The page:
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Re: Freedom by degrees

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  • a.johnw
    A fixed primary and the degrees of freedom of the 2ndry miss an important adjustment. The focal plain of the mirror must be square to the axis of the focuser
    Message 1 of 16 , Jun 2, 2008
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      A fixed primary and the degrees of freedom of the 2ndry miss an
      important adjustment. The focal plain of the mirror must be square to
      the axis of the focuser so that the focal plain of the eyepiece or
      camera etc is also square. This would be even more important if a coma
      corrector was used on the scope and in any case is far more critical
      on faster scopes.

      You could have a fixed main mirror but the focuser would have to be
      adjustable for tilt in 2 directions.

      Noting the comment about offset 2ndry's that goes back to an article
      in sky and telescope some where round the 70's. I personally think it
      introduces more problems than it's worth. Commercial examples I've
      owned bear this out too. Some not only offset the 2ndry but also alter
      it's tilt. That means that the whole thing is very difficult to set up
      correctly especially in respect to ensuring the focal plain is square
      to the focuser. Offsetting just isn't worth it for the small gain it
      gives and probable losses in other parts of the beam.

      Beware of setting up skywatcher reflectors and the solution to a meade
      I own was to re machine the 2ndry holder to 45 degrees. The previous
      owner of that scope finished up only using 2/3rds of the main mirror
      via normal collimation methods with the usual type of laser. That's
      one of the reasons I much prefer the reflection method and the aid of
      something with a small hole in it that fits in the focuser. It's then
      easy to centralize the 2ndry in the focuser and the 2ndry in the tube
      before following the usual collimation techniques.

      John


      --- In atm_free@yahoogroups.com, "Nils Olof Carlin"
      <nilsolof.carlin@...> wrote:
      >
      > Ben,
      >
      > if I understand you correctly, you offset the primary towards the
      focuser
      > side of the tube, to achieve much the same thing as the more (but
      not very)
      > common offsetting the diagonal mirror away from the focuser - namely
      making
      > the optical axis parallel to the tube's center axis. It will be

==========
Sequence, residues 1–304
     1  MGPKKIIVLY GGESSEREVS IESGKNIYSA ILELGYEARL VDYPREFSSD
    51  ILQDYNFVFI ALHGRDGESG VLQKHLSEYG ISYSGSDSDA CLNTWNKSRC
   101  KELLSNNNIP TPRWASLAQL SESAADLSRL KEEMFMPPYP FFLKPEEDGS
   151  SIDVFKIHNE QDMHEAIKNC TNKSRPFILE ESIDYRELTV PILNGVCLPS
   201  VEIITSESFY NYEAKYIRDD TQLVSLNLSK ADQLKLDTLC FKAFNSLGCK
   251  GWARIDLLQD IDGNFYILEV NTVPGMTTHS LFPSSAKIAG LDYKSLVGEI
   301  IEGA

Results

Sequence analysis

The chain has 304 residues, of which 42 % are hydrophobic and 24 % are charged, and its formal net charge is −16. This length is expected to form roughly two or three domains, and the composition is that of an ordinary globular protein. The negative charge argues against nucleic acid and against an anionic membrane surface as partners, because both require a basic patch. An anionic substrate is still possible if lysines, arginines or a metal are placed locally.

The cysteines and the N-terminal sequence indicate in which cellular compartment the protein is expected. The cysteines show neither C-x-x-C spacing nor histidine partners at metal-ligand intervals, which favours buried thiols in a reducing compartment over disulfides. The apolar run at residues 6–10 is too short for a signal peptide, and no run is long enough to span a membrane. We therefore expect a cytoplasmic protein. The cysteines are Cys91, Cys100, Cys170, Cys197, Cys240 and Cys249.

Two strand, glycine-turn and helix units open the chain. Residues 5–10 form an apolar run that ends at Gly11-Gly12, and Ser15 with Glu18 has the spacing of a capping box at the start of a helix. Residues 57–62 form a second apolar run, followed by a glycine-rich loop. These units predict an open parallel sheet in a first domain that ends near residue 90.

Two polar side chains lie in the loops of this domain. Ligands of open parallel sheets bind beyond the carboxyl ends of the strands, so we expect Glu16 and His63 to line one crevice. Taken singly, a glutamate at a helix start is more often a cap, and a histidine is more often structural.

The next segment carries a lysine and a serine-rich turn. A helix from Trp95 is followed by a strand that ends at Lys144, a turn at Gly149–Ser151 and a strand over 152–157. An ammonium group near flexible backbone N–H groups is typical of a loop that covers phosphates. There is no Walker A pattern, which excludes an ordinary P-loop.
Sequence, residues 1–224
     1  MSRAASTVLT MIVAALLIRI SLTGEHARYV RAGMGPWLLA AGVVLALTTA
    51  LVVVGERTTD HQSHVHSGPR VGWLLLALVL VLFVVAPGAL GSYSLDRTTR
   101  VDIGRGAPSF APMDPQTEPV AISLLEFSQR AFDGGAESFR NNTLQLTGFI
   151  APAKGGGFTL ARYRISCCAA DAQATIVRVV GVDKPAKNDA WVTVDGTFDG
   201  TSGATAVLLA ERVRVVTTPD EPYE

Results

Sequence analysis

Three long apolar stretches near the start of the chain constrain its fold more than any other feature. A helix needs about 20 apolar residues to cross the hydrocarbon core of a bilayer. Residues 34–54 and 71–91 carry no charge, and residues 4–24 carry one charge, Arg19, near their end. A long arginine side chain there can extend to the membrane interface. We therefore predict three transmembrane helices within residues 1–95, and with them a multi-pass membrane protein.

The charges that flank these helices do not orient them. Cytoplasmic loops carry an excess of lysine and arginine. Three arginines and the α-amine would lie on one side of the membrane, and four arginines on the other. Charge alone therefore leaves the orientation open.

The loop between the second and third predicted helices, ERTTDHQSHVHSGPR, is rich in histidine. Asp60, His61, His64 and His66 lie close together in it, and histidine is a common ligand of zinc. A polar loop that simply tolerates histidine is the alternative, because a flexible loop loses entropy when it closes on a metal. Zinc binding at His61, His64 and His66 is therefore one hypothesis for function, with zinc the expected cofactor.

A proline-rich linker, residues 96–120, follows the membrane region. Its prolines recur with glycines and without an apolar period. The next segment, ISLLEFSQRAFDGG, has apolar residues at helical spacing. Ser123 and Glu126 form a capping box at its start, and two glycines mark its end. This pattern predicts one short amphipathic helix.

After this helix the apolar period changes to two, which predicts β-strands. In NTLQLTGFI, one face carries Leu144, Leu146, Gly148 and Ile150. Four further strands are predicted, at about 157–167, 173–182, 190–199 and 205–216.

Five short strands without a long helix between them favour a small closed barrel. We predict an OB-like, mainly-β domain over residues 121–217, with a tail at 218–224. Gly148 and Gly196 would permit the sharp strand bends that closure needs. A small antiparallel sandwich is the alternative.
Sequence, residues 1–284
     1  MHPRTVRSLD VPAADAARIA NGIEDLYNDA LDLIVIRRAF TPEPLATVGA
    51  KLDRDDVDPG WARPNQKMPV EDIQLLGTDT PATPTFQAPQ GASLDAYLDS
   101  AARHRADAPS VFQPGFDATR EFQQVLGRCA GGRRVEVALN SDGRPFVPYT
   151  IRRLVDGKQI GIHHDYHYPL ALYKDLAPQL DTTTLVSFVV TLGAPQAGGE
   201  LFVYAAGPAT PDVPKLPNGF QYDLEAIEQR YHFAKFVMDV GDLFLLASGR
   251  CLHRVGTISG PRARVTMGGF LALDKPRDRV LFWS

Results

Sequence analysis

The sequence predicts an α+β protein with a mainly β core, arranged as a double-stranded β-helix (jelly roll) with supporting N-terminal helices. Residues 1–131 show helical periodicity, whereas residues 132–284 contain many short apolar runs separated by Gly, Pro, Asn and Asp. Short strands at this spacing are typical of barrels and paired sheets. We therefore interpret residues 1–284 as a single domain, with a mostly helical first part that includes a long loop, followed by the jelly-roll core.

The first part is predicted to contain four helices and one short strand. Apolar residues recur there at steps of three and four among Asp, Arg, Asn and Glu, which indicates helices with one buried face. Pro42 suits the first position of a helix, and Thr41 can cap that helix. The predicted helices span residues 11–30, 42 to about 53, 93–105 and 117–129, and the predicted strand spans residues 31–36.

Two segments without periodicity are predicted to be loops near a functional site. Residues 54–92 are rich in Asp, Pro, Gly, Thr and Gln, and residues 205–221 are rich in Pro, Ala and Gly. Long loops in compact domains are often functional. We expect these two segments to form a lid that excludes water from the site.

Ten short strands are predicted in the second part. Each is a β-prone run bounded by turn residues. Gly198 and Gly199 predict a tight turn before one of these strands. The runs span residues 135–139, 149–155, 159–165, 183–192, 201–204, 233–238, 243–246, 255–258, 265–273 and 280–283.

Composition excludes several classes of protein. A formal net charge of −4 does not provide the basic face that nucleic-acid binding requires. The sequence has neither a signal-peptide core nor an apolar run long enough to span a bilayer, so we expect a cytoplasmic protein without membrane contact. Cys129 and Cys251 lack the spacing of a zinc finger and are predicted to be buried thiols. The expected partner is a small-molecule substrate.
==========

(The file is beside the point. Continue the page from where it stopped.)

offset a
      > short distance, as will the whole light path to be unobstructed, but
      this is
      > not really a problem (if so, it would be vignetting by a too narrow
      outer
      > aperture, but this is similar in both cases).
      >
      > The problem I was discussing was not a primary offset toward the
      focuser,
      > but sideways (as seen from the focuser), so that the focuser axis and
      > primary axis do not even lie in the same plane. In this situation,
      you need
      > to tilt or move either the primary or the focuser to bring the axes
      to a
      > common plane. Only then can you finish the collimation by adjusting the
      > secondary.
      >
      > But my reply was about the comment:
      > "The secondary has up to 6 degrees of freedom that can be used to
      eliminate
      > all primary mirror adjustments."
      >
      > To collimate a newtonian optically, there are 3 operations to be done:
      > centering the focuser axis on the primary, centering the primary's
      axis in
      > the focuser, and centering the secondary to center the cole of fully
      > illuminated FOV within the focuser.
      >
      > One way is to start with the focuser axis as reference. First optically
      > center the secondary (which is offseting it mechanically), next tilt
      the
      > secondary to reflect the focuser axis to the center of the primary,
      and last
      > tilt the primary to center its optical axis in the focuser. This is a
      > well-established way, and fairly straightforward with most telescope
      designs
      > and available tools (as the focuser often is not adjustable).
      >
      > The other way would be starting with a fixed primary, avoiding the
      > complications of collimating bolts to carry a heavy primary at varying
      > altitude. First you would position the secondary to get the cone of
      full
      > illumination on axis - I can't think of an easy way of doing this.
      Then you
      > need to tilt the secondary to center its optical axis at the focal
      plane -
      > as easy with a Cheshire as above. Last, you need to tilt the focuser
      to make
      > its axis reflect to the center of the primary. Easy with a laser,
      but only
      > if the focuser is indeed adjustable in tilt. Thus, the above